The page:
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OUR college generation, the one which you are about to enter, has been accused by older warriors of not having an historical sense. Perhaps, in affairs of state, too much history is a bad thing for we live in a rapidly changing world, and all that. But in affairs of Harvard, there is much to be learned by looking back, by turning your confused tyro-minds to the tested words of a century of CRIMSON editorial writers. Here, carefully selected from the past 96 Septembers, is what they have told incoming freshmen:
It is to our youngest class that we turn to fill their place; and it may not be out of the way, in this connection, to say a few words regarding the duties we expect them to perform. It becomes more evident every year that success at the bat and oar is only to be obtained by persevering and enthusiastic labor. Let no petty or local dispute interfere where the honor of the University is at stake. The careless and cynic spirit should be frowned down; and everyone should seek to contribute, in the way most suited to his abilities, to the honor and eminence of Harvard. Let those who are blessed with a good biceps grasp the bat or the oar: let those who have not that too common holy reverence for a pen seek to relieve the prevailing dearth of contributions for the College papers. - nor does he do the least who leaves College with a general average of ninety-plus per cent,- but let us have no drones among us. In conclusion, we would call the attention both of the freshmen and the higher classes, to the fact that such conduct as would be expected from boys is not that which is hoped for from cultivated young men. -1874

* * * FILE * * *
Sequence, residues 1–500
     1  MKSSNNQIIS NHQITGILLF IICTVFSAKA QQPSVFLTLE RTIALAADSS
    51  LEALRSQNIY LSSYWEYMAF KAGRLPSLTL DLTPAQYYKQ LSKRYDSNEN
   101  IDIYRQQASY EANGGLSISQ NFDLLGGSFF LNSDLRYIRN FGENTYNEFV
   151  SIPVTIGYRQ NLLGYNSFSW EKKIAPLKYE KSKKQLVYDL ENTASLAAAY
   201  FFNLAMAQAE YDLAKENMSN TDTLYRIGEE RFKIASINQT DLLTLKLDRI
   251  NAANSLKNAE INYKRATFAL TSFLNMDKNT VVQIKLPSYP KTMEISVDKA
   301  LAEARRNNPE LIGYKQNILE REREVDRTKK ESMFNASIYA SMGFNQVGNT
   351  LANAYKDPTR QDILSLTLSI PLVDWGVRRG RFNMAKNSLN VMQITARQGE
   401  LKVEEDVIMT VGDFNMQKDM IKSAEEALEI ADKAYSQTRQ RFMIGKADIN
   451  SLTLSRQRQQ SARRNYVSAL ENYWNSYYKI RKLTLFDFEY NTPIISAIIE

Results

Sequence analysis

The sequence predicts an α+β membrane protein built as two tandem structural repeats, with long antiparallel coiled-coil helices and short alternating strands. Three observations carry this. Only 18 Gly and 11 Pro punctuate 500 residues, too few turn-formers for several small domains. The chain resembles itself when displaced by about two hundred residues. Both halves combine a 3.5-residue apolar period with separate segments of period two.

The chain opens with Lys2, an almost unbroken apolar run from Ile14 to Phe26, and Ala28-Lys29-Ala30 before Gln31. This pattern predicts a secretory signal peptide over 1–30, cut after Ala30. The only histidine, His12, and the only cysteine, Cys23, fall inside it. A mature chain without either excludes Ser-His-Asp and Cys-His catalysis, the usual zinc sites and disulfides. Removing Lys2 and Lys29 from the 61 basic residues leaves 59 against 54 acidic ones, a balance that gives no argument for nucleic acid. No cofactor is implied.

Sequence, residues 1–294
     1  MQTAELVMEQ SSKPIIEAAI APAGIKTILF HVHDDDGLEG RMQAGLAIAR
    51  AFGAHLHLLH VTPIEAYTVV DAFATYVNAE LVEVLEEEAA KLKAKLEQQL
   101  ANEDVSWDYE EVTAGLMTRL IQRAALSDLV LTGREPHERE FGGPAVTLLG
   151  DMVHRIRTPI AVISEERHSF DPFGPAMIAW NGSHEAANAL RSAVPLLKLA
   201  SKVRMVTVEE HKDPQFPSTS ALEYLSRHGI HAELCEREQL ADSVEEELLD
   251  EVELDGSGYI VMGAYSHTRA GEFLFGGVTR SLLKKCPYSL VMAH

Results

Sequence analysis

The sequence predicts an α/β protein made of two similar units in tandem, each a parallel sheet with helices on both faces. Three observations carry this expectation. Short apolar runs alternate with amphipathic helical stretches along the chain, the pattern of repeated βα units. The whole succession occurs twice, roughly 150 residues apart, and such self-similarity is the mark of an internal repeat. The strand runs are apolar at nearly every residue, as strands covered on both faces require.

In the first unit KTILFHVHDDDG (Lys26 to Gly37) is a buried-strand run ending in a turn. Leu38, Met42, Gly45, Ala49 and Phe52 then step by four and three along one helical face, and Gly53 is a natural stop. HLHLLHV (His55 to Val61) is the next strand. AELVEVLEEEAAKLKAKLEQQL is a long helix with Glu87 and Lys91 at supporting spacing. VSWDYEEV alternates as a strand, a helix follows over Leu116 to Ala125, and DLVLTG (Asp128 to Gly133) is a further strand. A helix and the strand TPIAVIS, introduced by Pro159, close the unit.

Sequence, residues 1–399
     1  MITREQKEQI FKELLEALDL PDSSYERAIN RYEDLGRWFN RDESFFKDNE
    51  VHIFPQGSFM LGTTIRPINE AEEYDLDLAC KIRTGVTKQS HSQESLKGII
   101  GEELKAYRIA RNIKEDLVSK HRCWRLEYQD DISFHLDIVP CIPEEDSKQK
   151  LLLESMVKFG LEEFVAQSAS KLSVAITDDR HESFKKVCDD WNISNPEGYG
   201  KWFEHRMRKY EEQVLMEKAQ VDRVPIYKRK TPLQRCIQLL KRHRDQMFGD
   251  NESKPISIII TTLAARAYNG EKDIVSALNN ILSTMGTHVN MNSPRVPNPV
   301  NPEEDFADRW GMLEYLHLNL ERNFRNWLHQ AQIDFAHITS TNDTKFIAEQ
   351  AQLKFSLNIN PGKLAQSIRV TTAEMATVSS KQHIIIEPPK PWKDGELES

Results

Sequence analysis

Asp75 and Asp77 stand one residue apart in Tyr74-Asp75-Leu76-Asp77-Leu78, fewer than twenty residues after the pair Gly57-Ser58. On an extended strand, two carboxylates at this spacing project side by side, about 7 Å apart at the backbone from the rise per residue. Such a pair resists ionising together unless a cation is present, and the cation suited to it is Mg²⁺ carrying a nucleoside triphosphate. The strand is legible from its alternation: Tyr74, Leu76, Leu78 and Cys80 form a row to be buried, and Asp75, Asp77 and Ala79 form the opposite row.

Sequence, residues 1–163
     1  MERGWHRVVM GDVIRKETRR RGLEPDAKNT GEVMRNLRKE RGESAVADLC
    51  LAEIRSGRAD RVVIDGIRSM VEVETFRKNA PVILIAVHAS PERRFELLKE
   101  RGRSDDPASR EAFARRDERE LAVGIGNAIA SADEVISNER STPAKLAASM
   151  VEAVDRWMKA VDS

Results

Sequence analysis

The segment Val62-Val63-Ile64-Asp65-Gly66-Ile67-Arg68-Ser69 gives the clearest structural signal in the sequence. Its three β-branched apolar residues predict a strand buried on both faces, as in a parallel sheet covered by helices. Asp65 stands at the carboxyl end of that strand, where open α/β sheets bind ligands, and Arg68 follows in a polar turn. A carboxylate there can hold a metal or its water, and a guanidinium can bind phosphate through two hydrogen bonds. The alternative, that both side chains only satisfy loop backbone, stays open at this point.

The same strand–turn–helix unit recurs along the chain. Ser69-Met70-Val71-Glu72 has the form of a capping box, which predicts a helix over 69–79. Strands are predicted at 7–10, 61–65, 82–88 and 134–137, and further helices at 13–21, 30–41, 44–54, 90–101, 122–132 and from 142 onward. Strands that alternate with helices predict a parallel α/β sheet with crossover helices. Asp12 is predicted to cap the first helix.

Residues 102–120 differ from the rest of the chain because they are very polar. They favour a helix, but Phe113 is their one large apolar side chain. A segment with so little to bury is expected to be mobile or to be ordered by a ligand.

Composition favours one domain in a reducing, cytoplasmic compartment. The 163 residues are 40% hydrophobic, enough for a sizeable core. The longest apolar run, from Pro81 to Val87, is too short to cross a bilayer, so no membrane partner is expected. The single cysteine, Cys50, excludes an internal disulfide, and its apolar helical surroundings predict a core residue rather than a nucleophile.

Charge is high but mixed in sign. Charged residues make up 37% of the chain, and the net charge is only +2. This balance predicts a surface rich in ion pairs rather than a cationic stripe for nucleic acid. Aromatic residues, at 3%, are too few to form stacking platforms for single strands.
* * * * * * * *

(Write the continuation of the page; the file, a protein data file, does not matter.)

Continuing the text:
In one's haste to avail himself of the opportunities for success at Harvard, several important items are apt to be overlooked. To the class of 1918 we say, therefore, that all roads to success here are barred if you fail to keep in good standing with the College Office. Acquire that and keep it and you are free to enjoy the responsibilities which appeal to you. -1915
For the apprehensive entering student this is the real Commencement. But it is not an auspicious beginning at all. At the least, the new Harvard man must wonder and worry about what his venture into highest education will bring him. After all, learning and frustration often cross. At the same time, he is terribly aware that his future depends on the unpredictable actions of Major General Hershey and Congressman Vinson of Georgia and, of course. Premier Joseph Stalin. No, this is not a beginning to crow about, hardly a start to the supposedly leisurely, satisfying process of learning.
All right, say it is a poor start. Say further, if you will, that the twentieth century has become a horror. Agreed that the "Age of Longing," the age of the Cold War and all that phrase connotes is hardly an age worth living in, let alone preparing for by the hard study and effort.
Then, we believe, you would be wrong. If the pessimists are correct at the moment, so is the broken clock right twice each day. Proving the clock broken is only a matter of time, and some patience. The dead watches, or the dead minds, cannot be allowed to rule merely because no one will stand up and argue.
As a matter of fact Harvard offers you less of a welcome than a challenge survey. It greets you with its great libraries and sharp-headed teachers first, offering you the knowledge of its snow-covered Yard and its view of the River in spring a little later. In a world of unknown, however, these few "givens" should be more than enough. 1951
Harvard is an omelette. Your best bet is to suspend judgment and let destiny wait awhile. Define after it's all over. There will be time enough to tell them about Harvard in the club cars, country clubs, cocktail parties, and barbecues of the next half century. -1964
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